Those who have studied the psycholinguistic development of a child are very clear about their findings. They say that language and cognitive development are intimately related. According to them, a child learns best in his mother tongue because he is not doubly burdened with the task of acquiring literacy skills simultaneously with learning another language not his own. That is why very often the student taught in a non-mother tongue learns to read syllable by syllable with very little comprehension.
Thus Prof Mujib, the renowned academic from Jamia Millia (Delhi), used to say that it takes 17 seconds for the child’s brain to translate a word from an unfamiliar language into his own and then another 17 seconds to re-translate a word from his mother tongue into the ‘foreign’ language he is being instructed in.
That would give one an idea of how much time and effort is involved in learning in a language not your own.
Hence researchers, who have tested children who are taught in their mother tongue and those whose medium of learning is a language that is alien to them, have found the first group to have a better understanding of what is taught to them and better verbal skills. In fact, when they move on to learn a second or even a third language at a later stage after the lateralization of the brain has taken place these children do so with ease and proficiency.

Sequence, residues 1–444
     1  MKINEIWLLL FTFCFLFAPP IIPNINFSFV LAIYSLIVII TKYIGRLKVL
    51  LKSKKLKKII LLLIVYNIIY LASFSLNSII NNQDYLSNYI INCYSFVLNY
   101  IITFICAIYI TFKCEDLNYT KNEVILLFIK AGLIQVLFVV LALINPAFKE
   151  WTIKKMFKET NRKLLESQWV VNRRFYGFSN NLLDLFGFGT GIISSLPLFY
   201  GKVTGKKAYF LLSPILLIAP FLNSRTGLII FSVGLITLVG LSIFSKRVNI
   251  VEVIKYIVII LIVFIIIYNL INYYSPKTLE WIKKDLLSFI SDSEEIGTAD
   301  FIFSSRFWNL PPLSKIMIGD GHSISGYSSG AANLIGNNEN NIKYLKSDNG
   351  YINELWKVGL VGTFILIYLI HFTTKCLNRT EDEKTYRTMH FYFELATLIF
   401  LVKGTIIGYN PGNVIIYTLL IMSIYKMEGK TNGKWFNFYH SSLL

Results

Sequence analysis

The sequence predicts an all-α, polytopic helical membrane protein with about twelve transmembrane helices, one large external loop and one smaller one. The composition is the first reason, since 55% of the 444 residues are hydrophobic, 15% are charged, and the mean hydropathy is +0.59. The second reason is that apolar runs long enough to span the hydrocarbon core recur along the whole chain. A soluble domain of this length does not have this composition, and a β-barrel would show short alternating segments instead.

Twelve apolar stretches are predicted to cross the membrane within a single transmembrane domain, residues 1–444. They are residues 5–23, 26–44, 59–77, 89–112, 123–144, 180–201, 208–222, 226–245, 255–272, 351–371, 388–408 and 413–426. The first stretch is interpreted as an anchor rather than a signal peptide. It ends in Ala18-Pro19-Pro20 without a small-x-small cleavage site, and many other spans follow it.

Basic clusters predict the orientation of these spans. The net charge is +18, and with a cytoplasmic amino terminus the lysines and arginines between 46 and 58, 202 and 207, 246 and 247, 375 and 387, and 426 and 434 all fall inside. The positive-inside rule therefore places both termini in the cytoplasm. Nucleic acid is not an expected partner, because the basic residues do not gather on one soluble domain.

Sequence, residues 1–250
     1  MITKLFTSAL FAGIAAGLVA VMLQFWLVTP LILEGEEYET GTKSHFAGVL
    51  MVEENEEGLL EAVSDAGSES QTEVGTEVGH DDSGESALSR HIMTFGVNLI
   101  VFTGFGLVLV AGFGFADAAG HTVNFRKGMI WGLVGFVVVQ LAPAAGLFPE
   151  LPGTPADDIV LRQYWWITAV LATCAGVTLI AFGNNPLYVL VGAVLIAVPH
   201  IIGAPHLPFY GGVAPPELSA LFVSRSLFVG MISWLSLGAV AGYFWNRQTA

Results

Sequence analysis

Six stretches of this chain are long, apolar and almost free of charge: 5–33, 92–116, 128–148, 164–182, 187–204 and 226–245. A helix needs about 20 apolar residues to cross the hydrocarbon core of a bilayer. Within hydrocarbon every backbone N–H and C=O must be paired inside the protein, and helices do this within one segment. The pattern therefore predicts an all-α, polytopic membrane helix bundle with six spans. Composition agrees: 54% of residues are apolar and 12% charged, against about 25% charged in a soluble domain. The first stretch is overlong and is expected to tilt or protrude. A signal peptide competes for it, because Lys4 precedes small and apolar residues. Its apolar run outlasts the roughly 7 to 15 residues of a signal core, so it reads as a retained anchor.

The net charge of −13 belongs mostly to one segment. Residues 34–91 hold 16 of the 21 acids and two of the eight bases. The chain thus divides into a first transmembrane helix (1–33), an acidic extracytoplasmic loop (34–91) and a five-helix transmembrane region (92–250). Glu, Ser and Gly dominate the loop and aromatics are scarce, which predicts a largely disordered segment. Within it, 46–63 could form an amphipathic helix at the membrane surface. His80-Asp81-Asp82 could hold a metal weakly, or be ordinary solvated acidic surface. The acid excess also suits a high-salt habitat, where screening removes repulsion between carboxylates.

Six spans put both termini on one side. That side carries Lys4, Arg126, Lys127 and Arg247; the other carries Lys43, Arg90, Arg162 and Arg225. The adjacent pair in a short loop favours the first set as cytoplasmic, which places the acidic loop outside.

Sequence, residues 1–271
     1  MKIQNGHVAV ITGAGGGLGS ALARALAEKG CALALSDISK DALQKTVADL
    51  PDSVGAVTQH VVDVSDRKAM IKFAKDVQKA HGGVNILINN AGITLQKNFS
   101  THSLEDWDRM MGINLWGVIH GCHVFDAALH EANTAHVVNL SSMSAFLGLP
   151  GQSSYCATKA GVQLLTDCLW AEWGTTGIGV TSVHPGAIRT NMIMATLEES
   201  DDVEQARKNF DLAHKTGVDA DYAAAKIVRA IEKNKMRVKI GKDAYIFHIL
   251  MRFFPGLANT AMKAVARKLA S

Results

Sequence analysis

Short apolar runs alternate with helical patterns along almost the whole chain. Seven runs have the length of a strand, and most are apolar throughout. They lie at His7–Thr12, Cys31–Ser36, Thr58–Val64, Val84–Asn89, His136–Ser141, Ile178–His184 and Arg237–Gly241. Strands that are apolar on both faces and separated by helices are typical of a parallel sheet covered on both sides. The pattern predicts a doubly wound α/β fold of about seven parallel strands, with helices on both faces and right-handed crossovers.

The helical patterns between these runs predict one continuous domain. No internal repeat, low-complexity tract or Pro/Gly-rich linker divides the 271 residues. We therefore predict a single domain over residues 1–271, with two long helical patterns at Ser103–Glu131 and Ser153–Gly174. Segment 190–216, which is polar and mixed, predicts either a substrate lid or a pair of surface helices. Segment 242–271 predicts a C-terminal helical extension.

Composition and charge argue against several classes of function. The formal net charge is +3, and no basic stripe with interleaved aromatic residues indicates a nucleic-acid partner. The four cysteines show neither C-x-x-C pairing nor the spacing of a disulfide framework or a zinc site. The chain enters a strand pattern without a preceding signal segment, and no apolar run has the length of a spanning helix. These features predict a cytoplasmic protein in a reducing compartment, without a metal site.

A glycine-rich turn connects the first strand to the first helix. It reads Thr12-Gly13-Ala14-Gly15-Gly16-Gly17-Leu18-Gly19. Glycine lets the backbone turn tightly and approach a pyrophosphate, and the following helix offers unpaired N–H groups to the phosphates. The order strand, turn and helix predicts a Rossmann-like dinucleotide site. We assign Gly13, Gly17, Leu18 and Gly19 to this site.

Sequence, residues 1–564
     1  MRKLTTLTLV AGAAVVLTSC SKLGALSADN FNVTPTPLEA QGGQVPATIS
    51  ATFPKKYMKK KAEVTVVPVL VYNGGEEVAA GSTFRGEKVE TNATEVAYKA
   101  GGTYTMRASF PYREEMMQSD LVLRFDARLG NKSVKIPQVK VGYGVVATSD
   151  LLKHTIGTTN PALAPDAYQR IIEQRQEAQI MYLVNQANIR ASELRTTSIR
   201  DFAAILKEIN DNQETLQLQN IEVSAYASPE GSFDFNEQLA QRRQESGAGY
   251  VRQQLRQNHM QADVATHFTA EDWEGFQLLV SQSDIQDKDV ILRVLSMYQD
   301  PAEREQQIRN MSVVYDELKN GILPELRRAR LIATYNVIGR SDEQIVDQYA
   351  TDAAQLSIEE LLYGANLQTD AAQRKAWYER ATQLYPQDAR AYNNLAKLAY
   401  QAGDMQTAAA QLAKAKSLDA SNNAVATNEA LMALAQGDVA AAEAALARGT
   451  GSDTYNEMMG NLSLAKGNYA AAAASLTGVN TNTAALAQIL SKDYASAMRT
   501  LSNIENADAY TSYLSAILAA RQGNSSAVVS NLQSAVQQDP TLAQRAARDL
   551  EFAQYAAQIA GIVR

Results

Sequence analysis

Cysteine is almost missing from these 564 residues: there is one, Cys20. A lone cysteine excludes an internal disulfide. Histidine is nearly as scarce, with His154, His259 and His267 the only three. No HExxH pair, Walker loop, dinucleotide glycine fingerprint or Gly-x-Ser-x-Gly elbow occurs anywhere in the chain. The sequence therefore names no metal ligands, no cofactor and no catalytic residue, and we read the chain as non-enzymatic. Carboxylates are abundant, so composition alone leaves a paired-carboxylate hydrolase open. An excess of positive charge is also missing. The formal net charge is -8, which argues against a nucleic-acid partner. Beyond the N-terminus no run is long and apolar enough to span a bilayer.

One researcher at the University of Toronto is of the view that to reject a child’s language in the school where he goes to study amounts to rejecting the child himself. He at once senses this rejection and is less likely to participate confidently in classroom activities.
Why is the medium of instruction question still such a hotly debated issue in Pakistan? We want to teach our primary school students in Urdu because it is the national language (and not in Punjabi, Balochi, Pushto or Sindhi), or in English because it is the international language that matters today. That...
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